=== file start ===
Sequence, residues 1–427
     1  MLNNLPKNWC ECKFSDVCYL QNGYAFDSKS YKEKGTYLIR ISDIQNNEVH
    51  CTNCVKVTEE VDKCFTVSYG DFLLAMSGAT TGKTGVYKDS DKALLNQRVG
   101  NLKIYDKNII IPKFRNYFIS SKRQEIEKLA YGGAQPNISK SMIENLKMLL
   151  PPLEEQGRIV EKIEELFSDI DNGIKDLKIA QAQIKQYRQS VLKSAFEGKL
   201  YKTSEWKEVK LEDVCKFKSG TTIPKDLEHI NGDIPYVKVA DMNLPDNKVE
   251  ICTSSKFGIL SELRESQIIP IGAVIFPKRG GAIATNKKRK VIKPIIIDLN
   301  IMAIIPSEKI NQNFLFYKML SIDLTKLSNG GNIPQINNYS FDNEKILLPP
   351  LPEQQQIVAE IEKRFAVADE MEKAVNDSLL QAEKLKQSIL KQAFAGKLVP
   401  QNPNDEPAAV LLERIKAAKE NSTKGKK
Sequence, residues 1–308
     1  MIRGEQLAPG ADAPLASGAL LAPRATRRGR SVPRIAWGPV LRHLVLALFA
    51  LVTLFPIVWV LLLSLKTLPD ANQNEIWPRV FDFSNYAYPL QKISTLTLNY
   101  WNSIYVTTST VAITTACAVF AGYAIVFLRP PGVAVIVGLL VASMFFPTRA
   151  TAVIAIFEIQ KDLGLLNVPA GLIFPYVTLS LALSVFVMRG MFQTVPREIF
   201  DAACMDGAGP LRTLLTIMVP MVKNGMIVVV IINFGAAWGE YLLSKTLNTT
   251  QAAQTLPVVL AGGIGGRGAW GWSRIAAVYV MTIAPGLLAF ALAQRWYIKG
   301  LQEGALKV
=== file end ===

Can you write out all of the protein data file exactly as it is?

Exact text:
Sequence, residues 1–427
     1  MLNNLPKNWC ECKFSDVCYL QNGYAFDSKS YKEKGTYLIR ISDIQNNEVH
    51  CTNCVKVTEE VDKCFTVSYG DFLLAMSGAT TGKTGVYKDS DKALLNQRVG
   101  NLKIYDKNII IPKFRNYFIS SKRQEIEKLA YGGAQPNISK SMIENLKMLL
   151  PPLEEQGRIV EKIEELFSDI DNGIKDLKIA QAQIKQYRQS VLKSAFEGKL
   201  YKTSEWKEVK LEDVCKFKSG TTIPKDLEHI NGDIPYVKVA DMNLPDNKVE
   251  ICTSSKFGIL SELRESQIIP IGAVIFPKRG GAIATNKKRK VIKPIIIDLN
   301  IMAIIPSEKI NQNFLFYKML SIDLTKLSNG GNIPQINNYS FDNEKILLPP
   351  LPEQQQIVAE IEKRFAVADE MEKAVNDSLL QAEKLKQSIL KQAFAGKLVP
   401  QNPNDEPAAV LLERIKAAKE NSTKGKK
Sequence, residues 1–308
     1  MIRGEQLAPG ADAPLASGAL LAPRATRRGR SVPRIAWGPV LRHLVLALFA
    51  LVTLFPIVWV LLLSLKTLPD ANQNEIWPRV FDFSNYAYPL QKISTLTLNY
   101  WNSIYVTTST VAITTACAVF AGYAIVFLRP PGVAVIVGLL VASMFFPTRA
   151  TAVIAIFEIQ KDLGLLNVPA GLIFPYVTLS LALSVFVMRG MFQTVPREIF
   201  DAACMDGAGP LRTLLTIMVP MVKNGMIVVV IINFGAAWGE YLLSKTLNTT
   251  QAAQTLPVVL AGGIGGRGAW GWSRIAAVYV MTIAPGLLAF ALAQRWYIKG
   301  LQEGALKV